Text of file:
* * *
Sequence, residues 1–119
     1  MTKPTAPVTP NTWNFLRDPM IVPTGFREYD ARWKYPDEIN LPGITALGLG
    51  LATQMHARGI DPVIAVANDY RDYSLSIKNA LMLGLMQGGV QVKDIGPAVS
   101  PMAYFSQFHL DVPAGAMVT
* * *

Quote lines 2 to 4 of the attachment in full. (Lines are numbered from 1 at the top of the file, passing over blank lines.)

     1  MTKPTAPVTP NTWNFLRDPM IVPTGFREYD ARWKYPDEIN LPGITALGLG
    51  LATQMHARGI DPVIAVANDY RDYSLSIKNA LMLGLMQGGV QVKDIGPAVS
   101  PMAYFSQFHL DVPAGAMVT